Sharpening is an art, often exaggerated or misunderstood. Sharpen in Rawstudio 1 was implemented as a simple 3×3 convolution in RGB. This is probably the most basic sharpen you will find. It does the job, but it is neither very fast or very flexible. It will produce halos around sharp edges, and amplify noise.
This is the typical look of a halo caused by over-sharpening, a white line above the edge:
From my Avisynth background, I knew a few methods of sharpening images beside simple convolution and “unsharpen mask”. One of the candidates is a script called “Limitedsharpen“. It works by doing a regular sharpen, and based on en edge mask, it will attempt to limit the sharpening, so it doesn’t produce haloes.
I also knew a filter called FFT3DFilter, which I knew was the best free spatial de-noiser for natural images. So I had a look at the sharpen function, and to my pleasant surprise it worked extremely well for natural images.
Basically FFT3DFilter was completely re-implemented for Rawstudio. The sharpen filter is very different from an ordinary sharpen, since it works in the frequency domain. It also works only on the light (luma) channel, so no color noise will be amplified.
To express how it works, you basically have to imagine an Unsharp mask, that work on all radii at the same time. That means that it will sharpen at all radii from 0 to 6 at the same time. The maximum sharpen radius of 6 at 100% size is a value chosen by us, but it has proved to work very well, since a larger radius gives too many sharpening artifacts.
At the same time there is a maximum limit within the sharpen filter to avoid aliasing. Aliasing is a problem when you sharpen so much that previously smooth lines becomes jagged because of sharpening. Here is a small example of aliasing:
The aliasing is here (exaggerated) visible at the light edges. There are also a clear difference between parts that are inside the sharpen threshold and not, in the wood topmost.
Another important aspect of the sharpening process is that it uses the de-noise setting as a noise floor. The effect of this is that no detail below the noise threshold will be sharpened.Let’s look at a real-world example – this is the unsharpened image:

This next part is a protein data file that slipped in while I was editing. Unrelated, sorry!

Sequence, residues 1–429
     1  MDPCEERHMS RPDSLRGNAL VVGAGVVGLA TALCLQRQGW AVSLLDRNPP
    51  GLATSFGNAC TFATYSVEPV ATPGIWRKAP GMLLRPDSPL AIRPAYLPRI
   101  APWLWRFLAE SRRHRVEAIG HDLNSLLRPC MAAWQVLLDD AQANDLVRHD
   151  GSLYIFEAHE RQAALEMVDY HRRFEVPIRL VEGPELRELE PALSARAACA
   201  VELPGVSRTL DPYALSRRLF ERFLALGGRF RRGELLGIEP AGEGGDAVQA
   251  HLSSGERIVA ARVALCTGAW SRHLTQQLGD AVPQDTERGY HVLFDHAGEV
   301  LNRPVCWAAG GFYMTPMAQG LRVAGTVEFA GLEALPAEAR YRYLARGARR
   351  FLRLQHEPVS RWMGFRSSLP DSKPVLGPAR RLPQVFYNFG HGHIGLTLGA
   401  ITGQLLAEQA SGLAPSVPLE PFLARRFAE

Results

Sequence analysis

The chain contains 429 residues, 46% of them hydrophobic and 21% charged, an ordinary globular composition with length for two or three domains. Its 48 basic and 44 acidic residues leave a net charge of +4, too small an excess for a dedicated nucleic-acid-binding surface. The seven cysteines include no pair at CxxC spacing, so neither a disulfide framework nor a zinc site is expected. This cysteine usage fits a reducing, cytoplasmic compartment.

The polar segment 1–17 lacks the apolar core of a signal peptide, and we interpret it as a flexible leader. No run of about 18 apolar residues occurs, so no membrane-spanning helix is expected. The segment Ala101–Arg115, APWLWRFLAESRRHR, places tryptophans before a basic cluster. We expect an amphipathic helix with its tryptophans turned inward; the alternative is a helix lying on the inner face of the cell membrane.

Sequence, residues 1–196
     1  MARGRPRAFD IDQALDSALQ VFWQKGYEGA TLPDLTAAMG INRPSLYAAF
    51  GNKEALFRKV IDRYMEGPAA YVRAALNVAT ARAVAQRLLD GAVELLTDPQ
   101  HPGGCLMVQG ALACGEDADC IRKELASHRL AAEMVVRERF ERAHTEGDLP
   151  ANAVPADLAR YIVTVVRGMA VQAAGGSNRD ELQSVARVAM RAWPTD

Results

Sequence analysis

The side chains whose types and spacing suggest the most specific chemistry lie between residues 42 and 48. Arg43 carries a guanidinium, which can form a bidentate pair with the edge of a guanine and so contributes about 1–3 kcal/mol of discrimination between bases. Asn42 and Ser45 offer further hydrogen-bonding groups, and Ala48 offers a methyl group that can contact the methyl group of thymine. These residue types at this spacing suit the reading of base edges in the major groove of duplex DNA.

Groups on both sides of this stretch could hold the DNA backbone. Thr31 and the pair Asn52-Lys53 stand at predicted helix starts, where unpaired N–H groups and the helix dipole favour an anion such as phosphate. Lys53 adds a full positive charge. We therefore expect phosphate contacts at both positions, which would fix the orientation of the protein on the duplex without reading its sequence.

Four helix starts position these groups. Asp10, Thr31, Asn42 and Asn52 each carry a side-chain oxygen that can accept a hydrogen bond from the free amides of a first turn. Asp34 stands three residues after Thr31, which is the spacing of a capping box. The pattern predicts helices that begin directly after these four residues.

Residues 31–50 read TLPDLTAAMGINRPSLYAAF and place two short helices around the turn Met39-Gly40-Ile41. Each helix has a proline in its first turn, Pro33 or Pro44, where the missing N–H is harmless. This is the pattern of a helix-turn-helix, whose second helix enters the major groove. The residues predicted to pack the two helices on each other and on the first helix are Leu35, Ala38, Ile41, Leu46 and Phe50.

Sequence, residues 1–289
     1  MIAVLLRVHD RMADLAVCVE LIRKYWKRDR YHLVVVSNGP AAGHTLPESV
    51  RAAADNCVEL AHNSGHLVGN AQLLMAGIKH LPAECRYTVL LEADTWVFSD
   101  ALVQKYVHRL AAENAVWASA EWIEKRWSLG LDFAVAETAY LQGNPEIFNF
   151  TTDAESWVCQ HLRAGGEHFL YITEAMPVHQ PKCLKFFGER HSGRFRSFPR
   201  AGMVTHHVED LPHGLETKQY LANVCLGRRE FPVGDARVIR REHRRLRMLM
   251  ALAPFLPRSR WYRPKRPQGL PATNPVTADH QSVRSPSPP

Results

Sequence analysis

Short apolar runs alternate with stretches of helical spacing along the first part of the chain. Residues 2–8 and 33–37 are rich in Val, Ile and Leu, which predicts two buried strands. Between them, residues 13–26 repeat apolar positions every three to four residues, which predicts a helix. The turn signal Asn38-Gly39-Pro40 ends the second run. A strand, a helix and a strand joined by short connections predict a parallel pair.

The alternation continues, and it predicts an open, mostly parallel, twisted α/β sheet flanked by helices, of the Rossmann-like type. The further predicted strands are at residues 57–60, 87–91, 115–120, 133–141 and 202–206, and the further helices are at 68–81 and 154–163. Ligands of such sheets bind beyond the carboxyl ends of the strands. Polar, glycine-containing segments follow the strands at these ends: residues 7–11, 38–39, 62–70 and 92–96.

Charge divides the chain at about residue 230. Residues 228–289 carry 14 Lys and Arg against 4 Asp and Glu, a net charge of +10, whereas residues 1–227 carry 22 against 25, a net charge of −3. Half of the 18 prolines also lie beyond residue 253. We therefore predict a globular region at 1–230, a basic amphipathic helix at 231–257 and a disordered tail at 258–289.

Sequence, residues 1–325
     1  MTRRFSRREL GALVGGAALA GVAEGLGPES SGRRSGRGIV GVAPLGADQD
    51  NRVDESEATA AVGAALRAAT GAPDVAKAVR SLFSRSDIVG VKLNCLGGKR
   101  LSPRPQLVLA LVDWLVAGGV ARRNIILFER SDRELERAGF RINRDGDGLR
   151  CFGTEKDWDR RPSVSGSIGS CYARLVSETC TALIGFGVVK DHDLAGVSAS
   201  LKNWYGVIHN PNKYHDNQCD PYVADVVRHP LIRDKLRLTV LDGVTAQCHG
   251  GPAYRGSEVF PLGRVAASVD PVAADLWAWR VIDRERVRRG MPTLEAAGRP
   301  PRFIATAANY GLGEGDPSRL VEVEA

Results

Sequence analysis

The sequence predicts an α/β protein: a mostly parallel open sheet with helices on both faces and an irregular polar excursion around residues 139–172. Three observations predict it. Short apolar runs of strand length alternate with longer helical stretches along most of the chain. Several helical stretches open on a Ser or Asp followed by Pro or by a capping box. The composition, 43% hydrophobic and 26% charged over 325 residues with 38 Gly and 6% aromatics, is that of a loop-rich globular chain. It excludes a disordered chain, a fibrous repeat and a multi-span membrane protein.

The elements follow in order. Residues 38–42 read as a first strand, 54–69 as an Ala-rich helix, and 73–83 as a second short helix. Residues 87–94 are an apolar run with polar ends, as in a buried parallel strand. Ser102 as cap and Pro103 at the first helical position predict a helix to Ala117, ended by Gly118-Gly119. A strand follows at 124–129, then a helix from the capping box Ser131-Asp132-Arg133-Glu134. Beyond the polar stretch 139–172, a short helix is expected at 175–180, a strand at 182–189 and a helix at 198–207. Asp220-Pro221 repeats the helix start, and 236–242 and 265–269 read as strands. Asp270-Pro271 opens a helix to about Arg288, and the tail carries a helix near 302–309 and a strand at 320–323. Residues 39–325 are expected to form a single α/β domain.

If we compare that to the FFT-based (Rawstudio) sharpen routine, with a similar strength, a lot more details are enhanced in the ice, while the sharpening effect on the player is roughly the same. This is the image sharpened in Rawstudio:
The player is roughly sharpened the same amount, but we find a lot more detail in the ice are. If we try to achieve the same sharpening with unsharp mask, we find that a lot of halos and artifacts become obvious, making the image very processed to look at – and we have still not gotten the same amount of detail in the ice:
As I started saying, there is no sharpening without some kind of artifacts. This filter is no exception. In my experience you will mostly encounter them in artificial images such as test-chart shots an similar, when you sharpen too much. The artifacts are visible as halos around high contrast edges here is an example:
The artifacts can obviously be removed by reducing sharpening. Here is the image with more moderate sharpening applied:
Note that this is the absolute worst case scenario I have encountered. As I mentioned before the sharpen filter is very good with “natural” images, and since most of you hopefully shoot more real-life images than test-charts, I hope you agree on my choice.
Your personal acceptance limit for the amount of sharpening you like is very likely different than mine – you may prefer sharper images and accepting more artifacts – but you get to decide that for yourself.
Here are a few more real-life examples:
So in conclusion we have a unique, radically new sharpening system, that should be able to bring out more detail from your images.